Population 17,328. Figures
taken from 2001 Census.
Blantyre nestles between Hamilton and
Uddingston on the River Clyde. This former mining town is famous as
being the birthplace of the world-renowned explorer and missionary David
Livingstone and the tenement where he was born, now managed by the
National Trust for Scotland, receives around 20,000 visitors every year.
Blantyre has an excellent sports centre and
swimming pool as well as a state-of-the-art skatepark for young people -
watch our SLVTV
Skate Park film (this link will open in a new window).
Blantyre's youth centre, Terminal One, developed by young people for
young people, was a pioneer in its field.
Among the big employers in the area are
direct bank First Direct, electronics company CTS, contractors the ECG
Group and Botterills, based in the Hamilton International Technology
Park and bustling Blantyre Industrial Estate.
Blantyre has a number of primary schools and
following the Council's multi-million pound schools modernisation
programme, it has two new-build secondary schools, Calderside Academy
and the denominational school John Ogilvie High in Burnbank.
Housing in the Blantyre area ranges from
council and private flats to impressive Victorian family villas close to
the open countryside.
The main local newspaper is the Hamilton
Advertiser and the area is also served by the local radio station L107.
You can also watch our SLVTV films about
Blantyre Miners Welfare and
Diary Of A Fighter about Blantyre Amateur Boxing Club
(these links will each open in a new window).
A film about the David Livingston Centre can
be viewed on the council's online
SLTV channel (this link will open in a new window).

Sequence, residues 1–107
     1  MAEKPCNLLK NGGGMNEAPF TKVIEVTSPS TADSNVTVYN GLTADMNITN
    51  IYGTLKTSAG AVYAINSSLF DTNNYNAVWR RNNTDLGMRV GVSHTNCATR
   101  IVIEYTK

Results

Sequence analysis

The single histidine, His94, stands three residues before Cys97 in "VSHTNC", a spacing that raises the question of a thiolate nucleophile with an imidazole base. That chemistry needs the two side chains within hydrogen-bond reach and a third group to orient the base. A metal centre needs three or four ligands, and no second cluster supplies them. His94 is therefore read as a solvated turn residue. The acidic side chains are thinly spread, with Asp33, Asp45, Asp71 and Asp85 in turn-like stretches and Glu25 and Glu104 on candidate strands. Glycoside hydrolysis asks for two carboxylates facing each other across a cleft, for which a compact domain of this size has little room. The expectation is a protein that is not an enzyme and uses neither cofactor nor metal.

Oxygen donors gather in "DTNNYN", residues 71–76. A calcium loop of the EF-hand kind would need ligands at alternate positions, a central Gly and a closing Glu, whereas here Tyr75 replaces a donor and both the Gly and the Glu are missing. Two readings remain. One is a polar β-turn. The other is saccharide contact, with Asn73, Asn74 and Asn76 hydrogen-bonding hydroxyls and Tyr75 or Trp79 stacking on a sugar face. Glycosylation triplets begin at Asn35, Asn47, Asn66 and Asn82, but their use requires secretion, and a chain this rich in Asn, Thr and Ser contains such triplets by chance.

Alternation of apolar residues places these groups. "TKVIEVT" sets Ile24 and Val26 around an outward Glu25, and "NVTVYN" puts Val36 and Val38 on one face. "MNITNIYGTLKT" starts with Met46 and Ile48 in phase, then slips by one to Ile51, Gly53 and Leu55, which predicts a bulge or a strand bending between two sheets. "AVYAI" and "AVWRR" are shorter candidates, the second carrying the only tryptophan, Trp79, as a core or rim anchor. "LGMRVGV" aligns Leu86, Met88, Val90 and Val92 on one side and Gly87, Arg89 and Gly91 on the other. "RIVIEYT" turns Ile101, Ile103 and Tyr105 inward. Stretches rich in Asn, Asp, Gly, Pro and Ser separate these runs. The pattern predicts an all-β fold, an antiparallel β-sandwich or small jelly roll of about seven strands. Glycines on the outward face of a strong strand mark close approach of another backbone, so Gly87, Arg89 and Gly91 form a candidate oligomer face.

Blantyre has traditional shopping as well as
a large Asda, Focus and Lidl. The Council has carried out substantial
improvements in the area and has provided a new library in partnership
with ASDA within the Clydeview shopping centre.
By car, take the A724 from Glasgow or
Hamilton and the A725 from East Kilbride. There are regular trains from
Glasgow, Hamilton and Motherwell. There are also regular buses to
Glasgow and Blantyre's environs.
Blantyre was put on the map in the 13th
century when a priory attached to Jedburgh Abbey was established for the
Augustinian canons and in 1598 High Blantyre was chartered as a burgh of
There are many explanations of where
Blantyre derived its name. One is that it comes from the Gaelic for "the
field of holy men". Another is that it is from the Gaelic for "warm
retreat". Some believe that it comes from St Blane and another
explanation is that it comes from the Welsh - which was once spoken in
the Strathclyde area - meaning "promontory".
Blantyre's population exploded during the
Industrial Revolution. In 1785 a large water-powered cottonmill was
established at Low Blantyre just over a mile north east of High Blantyre
and a model village was created to house the textile workers, mostly
displaced highlanders, lowland farm workers and Irish immigrants.
At the height of the Industrial Revolution
coal was discovered and the whole area around Blantyre became heavily
dependent on mining. On October 22, 1877, the day started like any other
for the miners at William Dixon's Blantyre pits. But it was to end in
tragedy. A gas explosion caused roof falls. One pit was cleared quickly
with the discovery of seven bodies but another pit couldn't be
completely cleared until a week later. The final death toll reached 207,
leaving behind 92 widows and 250 fatherless children, making it
Scotland's worst ever mining disaster. The cause was never established.
Blantyre's most famous son, explorer and
missionary David Livingstone, was born in 1813. He started work in the
local mill at the age of 10, but studied hard at night school. He was
determined to become a Christian missionary in China and started a
medical degree to help him on his way but the Opium Wars thwarted his
plans. During his studies he met a fellow doctor just back from a trip
to Central Africa where thousands of people had never heard the Gospel.
Livingstone's plans changed and in 1840 he sailed for Africa. Immersing
himself in the local customs and language he spent years exploring and
charting swathes of the African continent, discovering the Zambesi River
and Victoria Falls.
On his last trip to Africa Livingstone went
missing and the New York Times commissioned the journalist H.M. Stanley
to find him, resulting in one of the most famous meetings in history.
David Livingstone died in Zambia in 1873 and his heart was buried under
a tree near where he died. His body was brought back to Britain and was
buried in Westminster Abbey.